What Young People Can’t Afford Because of Student Loan Debt

Source: iStock

Source: iStock

If you’re a recent college graduate who wants to move forward and start life in the “real world,” but student loans have you shackled, you’re not alone. Total outstanding student loan debt in the United States is approximately $1.6 trillion,  causing significant hardship for many new borrowers.

If you’re lucky enough to find employment after graduation, a large chunk of whatever bit of disposable income you have left will likely be eaten up by student loan payments. Once the excitement of graduation has dissipated and reality settles in, it will be time to face the steady stream of student loan bills. A recent Bankrate.com survey found that roughly 56% of millennials with current or past student loans have put off major life events because of overwhelming debt. This is compared to 43% of older adults.

Putting the future on hold

The three major purchases most likely to be put on ice are purchasing a home, saving for retirement, and buying a car.

“Student debt is often portrayed strictly as a millennial issue, but the truth is that Americans of all ages have put their lives on hold due to student debt. Delaying major life milestones such as buying a home or saving for retirement doesn’t only affect the individual and his or her family; it also has ill effects on the overall economy,” said Steve Pounds, Bankrate.com analyst.

Additional survey findings:

Source: iStock

Source: iStock

  • 56% of millennials with current or past student loans have put off major life events because of their debt.
    Educational debt has caused 43% of older adults to delay life milestones.
  • More than 50% of all student loan borrowers say they didn’t receive enough information or advice about the financial risks of taking on education loans.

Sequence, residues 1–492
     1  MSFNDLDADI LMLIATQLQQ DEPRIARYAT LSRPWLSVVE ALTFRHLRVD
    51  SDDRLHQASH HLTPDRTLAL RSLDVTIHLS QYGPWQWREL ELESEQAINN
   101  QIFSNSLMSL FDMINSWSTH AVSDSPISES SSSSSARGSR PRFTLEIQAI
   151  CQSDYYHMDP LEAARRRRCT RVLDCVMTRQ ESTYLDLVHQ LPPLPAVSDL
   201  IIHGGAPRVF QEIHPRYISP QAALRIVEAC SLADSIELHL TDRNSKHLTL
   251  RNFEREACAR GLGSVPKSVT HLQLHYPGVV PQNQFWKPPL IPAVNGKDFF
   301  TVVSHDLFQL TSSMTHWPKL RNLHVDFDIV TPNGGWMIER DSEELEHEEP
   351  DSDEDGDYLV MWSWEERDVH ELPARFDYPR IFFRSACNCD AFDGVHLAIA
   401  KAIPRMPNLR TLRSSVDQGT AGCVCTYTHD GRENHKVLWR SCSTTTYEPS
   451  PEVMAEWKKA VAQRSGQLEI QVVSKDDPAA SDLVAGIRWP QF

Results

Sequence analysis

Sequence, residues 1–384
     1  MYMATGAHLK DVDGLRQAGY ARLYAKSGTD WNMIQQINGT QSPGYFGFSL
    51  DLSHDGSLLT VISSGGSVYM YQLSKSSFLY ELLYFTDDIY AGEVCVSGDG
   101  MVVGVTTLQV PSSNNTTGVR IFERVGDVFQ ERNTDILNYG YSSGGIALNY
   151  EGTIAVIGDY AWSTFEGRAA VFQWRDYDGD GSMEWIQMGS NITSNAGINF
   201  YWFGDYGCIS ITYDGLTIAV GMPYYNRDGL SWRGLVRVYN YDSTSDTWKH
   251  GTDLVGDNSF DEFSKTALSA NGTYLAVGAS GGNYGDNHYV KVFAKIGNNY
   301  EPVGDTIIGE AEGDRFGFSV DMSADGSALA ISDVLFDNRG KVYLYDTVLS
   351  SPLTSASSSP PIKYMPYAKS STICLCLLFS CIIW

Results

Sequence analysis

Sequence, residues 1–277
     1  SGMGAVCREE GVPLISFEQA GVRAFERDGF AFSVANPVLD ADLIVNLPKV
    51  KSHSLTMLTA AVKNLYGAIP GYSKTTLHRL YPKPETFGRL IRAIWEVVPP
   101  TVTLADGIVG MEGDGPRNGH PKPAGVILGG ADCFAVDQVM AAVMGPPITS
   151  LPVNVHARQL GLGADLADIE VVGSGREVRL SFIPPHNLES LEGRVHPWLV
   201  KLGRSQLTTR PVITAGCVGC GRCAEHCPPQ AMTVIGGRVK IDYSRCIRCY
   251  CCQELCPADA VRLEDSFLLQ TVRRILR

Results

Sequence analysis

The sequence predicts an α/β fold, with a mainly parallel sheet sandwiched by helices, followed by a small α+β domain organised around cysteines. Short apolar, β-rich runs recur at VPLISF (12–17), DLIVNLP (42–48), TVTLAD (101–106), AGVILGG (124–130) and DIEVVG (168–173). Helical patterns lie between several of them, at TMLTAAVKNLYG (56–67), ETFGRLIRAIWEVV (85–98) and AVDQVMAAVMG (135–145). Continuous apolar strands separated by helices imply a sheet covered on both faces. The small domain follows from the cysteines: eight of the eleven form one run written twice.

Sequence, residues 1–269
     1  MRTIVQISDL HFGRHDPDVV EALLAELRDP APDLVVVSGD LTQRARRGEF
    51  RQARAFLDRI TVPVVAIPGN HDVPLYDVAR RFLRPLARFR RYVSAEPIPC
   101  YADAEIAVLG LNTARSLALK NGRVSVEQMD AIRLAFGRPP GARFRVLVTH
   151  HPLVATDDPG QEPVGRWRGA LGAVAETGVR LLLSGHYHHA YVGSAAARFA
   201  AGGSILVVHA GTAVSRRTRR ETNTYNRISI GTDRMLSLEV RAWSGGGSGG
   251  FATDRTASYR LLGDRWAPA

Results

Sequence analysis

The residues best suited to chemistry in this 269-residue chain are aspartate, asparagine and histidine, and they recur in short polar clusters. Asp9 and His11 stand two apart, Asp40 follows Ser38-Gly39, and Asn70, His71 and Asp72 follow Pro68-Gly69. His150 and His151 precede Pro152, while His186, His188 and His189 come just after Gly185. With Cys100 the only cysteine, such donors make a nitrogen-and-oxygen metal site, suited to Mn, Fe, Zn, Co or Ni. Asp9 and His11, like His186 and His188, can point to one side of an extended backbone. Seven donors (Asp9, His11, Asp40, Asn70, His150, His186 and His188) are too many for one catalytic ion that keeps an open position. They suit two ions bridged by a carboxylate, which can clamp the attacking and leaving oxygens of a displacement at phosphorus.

• Just 28% of 18- to 29-year-olds have ever had student loan debt, compared with 41% of 30- to 49-year-olds.

Lack of information

Many borrowers say they did not receive adequate advice when it came to managing their loans after college. Millennials were the most likely to have this complaint (66%).

“Most families are not advised through this process. The decision to take on this debt is largely made based on the fact that this is the only way to pay. The key is to plan properly, early, so that you can reduce the amount of debt you are taking [in]the first place,” Allan Katz, president of Comprehensive Wealth Management Group, told Bankrate.

Tips for surviving financial life after college:

1. Don’t rush to move out

Stay with your folks as long as you can so that you can save up at least six to eight months of emergency funds and have a cushion in the event that you lose your job or face some other unexpected event. Using credit to bridge the gap during an emergency will only dig you much deeper into debt. Cash should be your first line of defense in an emergency.


 2. Establish excellent credit

Make an effort to focus on paying your bills each month on time and in full. Establishing a good credit history now will help set the stage so that when you are ready to purchase a home, you will be able to get the best rates on a mortgage.


3. Educate yourself

Learn as much as you can about how finances work. Learn about the stock market, basic credit management, and the basics of insurance. Now is the time to build your knowledge so that you can hit the ground running once it’s time to live on your own.

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